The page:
Foundations of Education


Introduces the 'education for social change' philosophy.

Key Concepts

  • social change

Education for Social Change

The 'education for social change' philosophy aims to empower students to respond effectively to social inequities and global challenges.

Generally speaking, this philosophy sharply contradicts many of the core principles of the social continuity philosophy, by, for example, problematizing those societal traditions and conditions that are judged to be perpetuating social inequities and/or causing environmental harm.

Below is a summary of the social change philosophy (reproduced from Week 20's 'Five Philosophies of Education Compared' chart) plus an example teaching philosophy.
📌 The 'education for social change' philosophy connects with topics that were covered in Week 9 (Fall term) and Week 16 (Winter term).


Fall Term Correspondence: Week 9

Root Metaphors: World / Social Activism

Aim: To empower students to respond effectively to social inequities and global challenges.

Knowledge Acquisition: Follows a transformation path. Knowledge is actively constructed. A strong societal focus.

Values: Values are relative. Critical reflection and social criticism are promoted. Environmentalism, social justice, and civil rights are emphasized.

Curriculum: A global curriculum that is derived from a comparison of disparate regions of the world.

Subject Focus (Geography): A strong focus on contemporary social issues and current events. Structural inequities between regions are studied. Critical thinking and social action skills are taught and practiced.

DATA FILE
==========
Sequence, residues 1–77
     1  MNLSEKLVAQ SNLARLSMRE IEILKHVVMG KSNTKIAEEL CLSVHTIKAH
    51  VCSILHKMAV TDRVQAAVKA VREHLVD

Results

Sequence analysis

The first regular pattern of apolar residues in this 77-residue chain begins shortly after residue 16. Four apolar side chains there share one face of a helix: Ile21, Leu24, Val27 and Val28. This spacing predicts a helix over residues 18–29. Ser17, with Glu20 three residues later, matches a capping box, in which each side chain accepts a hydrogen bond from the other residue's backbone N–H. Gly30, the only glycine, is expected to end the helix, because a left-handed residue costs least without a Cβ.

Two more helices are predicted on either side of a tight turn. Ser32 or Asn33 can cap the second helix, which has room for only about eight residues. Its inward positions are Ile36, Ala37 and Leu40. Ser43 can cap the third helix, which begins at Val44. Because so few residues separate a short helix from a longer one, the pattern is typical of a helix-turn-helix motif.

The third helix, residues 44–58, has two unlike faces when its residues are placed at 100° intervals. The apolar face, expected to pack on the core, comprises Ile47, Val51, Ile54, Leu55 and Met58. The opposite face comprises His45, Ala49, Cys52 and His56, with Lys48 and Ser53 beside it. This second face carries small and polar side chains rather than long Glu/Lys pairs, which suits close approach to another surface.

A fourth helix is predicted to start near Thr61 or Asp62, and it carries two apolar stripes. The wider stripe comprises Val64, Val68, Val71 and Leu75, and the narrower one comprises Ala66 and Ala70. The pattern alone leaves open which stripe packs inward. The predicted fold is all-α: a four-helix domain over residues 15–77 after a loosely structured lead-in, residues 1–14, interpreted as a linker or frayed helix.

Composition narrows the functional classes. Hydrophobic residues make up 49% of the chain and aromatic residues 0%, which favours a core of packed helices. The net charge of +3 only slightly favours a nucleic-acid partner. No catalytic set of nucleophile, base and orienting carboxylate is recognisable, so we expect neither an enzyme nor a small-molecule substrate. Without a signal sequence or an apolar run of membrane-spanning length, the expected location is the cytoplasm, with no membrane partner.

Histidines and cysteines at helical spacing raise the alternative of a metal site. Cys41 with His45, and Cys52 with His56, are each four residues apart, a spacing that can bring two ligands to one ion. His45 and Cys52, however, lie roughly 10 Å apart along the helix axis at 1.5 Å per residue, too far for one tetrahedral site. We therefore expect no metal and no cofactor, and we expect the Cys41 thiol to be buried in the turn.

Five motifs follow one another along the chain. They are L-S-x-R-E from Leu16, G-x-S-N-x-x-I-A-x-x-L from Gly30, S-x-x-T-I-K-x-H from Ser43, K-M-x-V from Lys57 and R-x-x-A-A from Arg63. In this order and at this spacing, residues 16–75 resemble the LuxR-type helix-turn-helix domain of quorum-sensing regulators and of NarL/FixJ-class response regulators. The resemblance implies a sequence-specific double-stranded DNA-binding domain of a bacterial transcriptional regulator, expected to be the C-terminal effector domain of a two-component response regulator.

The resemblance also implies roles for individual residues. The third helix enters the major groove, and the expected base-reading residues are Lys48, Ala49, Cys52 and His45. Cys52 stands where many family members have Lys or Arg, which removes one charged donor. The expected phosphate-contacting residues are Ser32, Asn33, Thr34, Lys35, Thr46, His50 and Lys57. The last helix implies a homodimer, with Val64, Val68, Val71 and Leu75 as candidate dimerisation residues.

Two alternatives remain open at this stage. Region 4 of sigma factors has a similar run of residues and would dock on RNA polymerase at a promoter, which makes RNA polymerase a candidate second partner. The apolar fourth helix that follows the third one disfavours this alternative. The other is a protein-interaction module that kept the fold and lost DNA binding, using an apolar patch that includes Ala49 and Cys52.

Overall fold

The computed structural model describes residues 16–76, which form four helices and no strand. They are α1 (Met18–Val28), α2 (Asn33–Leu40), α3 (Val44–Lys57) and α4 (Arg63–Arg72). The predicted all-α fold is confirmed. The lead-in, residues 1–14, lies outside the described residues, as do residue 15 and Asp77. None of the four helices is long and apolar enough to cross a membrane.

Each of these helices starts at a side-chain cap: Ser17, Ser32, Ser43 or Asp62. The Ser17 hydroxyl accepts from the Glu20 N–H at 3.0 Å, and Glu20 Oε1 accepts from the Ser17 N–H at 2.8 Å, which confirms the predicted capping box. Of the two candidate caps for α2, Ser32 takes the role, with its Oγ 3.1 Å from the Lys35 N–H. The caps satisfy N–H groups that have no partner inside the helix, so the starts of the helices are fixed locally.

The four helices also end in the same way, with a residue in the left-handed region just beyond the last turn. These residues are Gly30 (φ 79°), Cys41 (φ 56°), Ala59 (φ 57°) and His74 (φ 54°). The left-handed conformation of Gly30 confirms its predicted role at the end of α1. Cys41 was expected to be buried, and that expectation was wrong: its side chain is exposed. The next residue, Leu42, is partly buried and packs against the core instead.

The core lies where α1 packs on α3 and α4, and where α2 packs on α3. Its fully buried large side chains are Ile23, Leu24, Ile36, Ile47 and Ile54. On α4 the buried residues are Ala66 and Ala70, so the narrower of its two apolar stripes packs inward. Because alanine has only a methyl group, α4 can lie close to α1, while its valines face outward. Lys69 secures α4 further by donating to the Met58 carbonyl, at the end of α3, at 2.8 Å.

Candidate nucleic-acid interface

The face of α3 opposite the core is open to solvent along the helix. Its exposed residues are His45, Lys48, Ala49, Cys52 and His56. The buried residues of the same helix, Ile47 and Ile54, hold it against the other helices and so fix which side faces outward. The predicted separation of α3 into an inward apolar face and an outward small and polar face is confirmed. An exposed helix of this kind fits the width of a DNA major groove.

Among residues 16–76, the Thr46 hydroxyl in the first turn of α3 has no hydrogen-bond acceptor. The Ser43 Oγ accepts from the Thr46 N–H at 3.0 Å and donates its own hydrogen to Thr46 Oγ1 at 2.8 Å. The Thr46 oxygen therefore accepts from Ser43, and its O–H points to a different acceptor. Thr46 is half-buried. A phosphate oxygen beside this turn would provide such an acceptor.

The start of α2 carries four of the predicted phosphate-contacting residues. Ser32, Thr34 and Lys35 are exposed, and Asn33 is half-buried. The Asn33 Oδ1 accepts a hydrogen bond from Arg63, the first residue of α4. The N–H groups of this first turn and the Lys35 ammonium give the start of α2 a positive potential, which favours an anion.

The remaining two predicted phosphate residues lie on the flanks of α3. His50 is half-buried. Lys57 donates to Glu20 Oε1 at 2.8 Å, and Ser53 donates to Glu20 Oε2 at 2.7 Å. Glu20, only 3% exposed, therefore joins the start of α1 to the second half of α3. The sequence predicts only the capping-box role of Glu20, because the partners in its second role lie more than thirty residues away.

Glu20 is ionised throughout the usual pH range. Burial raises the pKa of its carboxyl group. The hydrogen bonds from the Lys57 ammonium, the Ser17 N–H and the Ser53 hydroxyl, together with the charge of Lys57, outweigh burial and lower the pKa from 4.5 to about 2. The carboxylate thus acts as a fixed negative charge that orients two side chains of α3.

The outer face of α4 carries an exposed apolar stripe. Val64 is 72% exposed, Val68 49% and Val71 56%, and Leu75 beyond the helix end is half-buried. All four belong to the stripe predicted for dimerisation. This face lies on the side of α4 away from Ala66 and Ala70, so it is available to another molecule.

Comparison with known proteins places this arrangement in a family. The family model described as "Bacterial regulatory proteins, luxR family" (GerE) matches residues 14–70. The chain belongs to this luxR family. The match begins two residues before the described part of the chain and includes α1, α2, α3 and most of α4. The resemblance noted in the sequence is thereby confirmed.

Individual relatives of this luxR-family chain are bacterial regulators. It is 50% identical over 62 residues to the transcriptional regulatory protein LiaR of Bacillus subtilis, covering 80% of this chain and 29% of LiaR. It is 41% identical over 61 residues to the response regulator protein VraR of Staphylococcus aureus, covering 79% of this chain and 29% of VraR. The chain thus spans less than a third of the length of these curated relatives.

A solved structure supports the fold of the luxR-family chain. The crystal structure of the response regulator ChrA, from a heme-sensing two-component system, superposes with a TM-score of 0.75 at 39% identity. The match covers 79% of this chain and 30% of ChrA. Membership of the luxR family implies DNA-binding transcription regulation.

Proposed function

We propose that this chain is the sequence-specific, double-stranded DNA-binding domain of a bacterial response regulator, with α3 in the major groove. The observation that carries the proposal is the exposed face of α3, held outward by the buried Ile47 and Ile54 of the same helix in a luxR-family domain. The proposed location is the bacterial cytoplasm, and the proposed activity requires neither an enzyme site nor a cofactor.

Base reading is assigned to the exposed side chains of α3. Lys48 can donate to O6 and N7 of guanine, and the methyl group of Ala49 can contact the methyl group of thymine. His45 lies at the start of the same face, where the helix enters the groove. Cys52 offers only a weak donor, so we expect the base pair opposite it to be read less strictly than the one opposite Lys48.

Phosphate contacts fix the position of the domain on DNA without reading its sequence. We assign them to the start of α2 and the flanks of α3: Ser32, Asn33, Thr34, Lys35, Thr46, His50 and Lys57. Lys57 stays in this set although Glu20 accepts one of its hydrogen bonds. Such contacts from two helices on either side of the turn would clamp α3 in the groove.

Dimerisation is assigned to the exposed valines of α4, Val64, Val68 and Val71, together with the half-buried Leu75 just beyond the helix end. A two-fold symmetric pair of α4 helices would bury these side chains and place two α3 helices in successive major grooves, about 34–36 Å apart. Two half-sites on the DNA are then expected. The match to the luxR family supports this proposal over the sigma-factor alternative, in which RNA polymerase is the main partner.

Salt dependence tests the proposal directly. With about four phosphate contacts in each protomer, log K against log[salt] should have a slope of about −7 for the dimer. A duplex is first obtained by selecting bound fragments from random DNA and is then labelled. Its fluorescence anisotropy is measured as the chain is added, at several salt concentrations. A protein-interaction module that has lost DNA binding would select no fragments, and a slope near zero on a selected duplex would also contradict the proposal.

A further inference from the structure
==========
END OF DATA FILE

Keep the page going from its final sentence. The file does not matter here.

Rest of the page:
Instructional Path: Problematizing of global challenges.


Monique is a teacher who believes that society is essentially inequitable and that the school system largely perpetuates this inequity from generation to generation. The only way to disrupt this generational cycle is for teachers to raise students' consciousness by integrating anti-racist and anti-sexist content into the curriculum. However, Monique is careful in how she approaches this. She draws on evidence from respected sources (e.g., census data and economic statistics) to highlight how some social groups fair better in society than other social groups. Monique is also concerned about her students' futures in terms of global and environmental issues more generally. For example, she integrates topics related to global warming into her teaching wherever possible.